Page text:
Song Ronghui has just lowered to sixteen the age at which a girl can be recognized as a world go champion. Facing two tough Korean opponents in one day, she defeated both of them to bring China the gold medal in the women’s individual event.
Playing black in the afternoon game, she took territory in all four corners, large territories in the top corners and smaller territories in the bottom corners, and defended all of them while also whittling down white’s holdings in the center. After being hand-tied for 233 moves, Lee Minjin heeded the proverb (“If your opponent has four corners–“) and resigned to accept the silver medal.
In the playoff for the bronze medal, Park Jieun survived a late-game ko fight involving the life of a gigantic group of her own stones to win by resignation against Mannami Kana of Japan. Once again, the Republic of Korea had won two medals in one day.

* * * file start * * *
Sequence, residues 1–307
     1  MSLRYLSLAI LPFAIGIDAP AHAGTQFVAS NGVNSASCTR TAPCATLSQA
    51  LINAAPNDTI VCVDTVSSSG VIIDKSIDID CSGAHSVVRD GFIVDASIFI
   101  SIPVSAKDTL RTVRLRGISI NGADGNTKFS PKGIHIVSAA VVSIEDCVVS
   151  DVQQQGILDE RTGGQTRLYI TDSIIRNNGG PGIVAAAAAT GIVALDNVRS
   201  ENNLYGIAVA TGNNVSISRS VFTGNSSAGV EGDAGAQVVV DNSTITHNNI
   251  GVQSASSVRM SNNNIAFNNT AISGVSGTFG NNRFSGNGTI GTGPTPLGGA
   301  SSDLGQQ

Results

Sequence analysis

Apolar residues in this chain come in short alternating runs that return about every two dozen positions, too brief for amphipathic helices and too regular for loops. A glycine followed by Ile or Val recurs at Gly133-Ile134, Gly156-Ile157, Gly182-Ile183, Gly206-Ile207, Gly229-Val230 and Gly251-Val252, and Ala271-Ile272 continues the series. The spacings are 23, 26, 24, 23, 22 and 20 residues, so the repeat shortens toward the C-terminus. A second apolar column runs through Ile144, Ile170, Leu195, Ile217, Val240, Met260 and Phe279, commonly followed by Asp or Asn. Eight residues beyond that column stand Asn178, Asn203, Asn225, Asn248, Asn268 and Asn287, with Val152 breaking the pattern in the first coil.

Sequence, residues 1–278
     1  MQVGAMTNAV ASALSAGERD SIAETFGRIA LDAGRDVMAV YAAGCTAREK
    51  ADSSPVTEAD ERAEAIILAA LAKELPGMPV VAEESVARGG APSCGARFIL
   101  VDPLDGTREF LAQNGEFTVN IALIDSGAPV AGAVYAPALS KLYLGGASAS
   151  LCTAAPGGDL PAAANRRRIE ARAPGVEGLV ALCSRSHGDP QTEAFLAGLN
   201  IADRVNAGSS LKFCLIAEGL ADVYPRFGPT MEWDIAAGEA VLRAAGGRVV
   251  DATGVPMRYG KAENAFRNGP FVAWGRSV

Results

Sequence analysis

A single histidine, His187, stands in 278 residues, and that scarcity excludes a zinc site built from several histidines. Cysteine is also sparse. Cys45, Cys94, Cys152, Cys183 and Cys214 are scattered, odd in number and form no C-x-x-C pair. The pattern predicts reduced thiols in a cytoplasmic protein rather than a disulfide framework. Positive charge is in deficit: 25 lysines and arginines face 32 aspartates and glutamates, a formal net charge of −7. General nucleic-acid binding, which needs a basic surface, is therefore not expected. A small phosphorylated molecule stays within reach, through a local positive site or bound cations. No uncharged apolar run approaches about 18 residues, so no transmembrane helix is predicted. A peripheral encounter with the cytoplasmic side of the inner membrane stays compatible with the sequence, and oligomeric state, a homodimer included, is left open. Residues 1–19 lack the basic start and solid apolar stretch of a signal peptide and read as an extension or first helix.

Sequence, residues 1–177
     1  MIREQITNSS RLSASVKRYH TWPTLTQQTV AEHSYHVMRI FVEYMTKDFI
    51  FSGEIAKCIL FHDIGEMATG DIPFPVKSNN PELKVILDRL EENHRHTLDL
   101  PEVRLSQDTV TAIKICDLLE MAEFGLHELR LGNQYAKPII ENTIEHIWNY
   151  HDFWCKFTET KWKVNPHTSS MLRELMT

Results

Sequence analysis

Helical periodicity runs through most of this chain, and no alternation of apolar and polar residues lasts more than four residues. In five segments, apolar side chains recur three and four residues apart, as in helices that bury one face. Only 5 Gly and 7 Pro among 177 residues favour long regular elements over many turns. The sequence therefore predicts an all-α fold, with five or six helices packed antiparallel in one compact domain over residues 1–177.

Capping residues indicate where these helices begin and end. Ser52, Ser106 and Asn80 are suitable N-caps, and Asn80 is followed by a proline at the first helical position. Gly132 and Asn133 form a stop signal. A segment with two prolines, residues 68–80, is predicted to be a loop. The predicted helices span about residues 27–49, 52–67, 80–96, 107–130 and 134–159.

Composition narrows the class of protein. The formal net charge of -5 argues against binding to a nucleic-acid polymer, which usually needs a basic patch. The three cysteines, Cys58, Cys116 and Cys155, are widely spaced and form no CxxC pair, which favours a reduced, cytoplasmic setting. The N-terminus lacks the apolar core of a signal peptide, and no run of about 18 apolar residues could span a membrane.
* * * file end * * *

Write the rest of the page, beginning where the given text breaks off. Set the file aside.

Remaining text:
At the awards ceremony, after applauding two Chinese and one Vietnamese xianqi medalist, three pairs of chess medalists from Ecuador, India, and the Ukraine, and the two Korean go medalists, the audience erupted in shouts and cheers when Song shook hands with Park and Lee, then mounted the platform to receive the gold medal from Wang Runan and a bouquet from Hua Yigang of the China Weiqi Association. Song responded to the cheers with broad smiles and spoke readily with television reporters in the interview that immediately followed. Once again, China is on top in the world of women’s go.
Earlier, however, in the knockout stage of the amateur open event, the Koreans had been having a field day. Lee Yonghee eliminated former world amateur champion Hu Yuqing (China), while Ham Youngwoo ended the hopes of American Jie Li. These two victories give the Republic of Korea a shot at another pair of medals tomorrow, and Jo Taewon defeated South African Victor Guang Chow, so DPR Korea is also in the medal race. Competing against these Koreans will be China’s Wang Chen, who defeated Canada’s Yongfei Ge.
– James Davies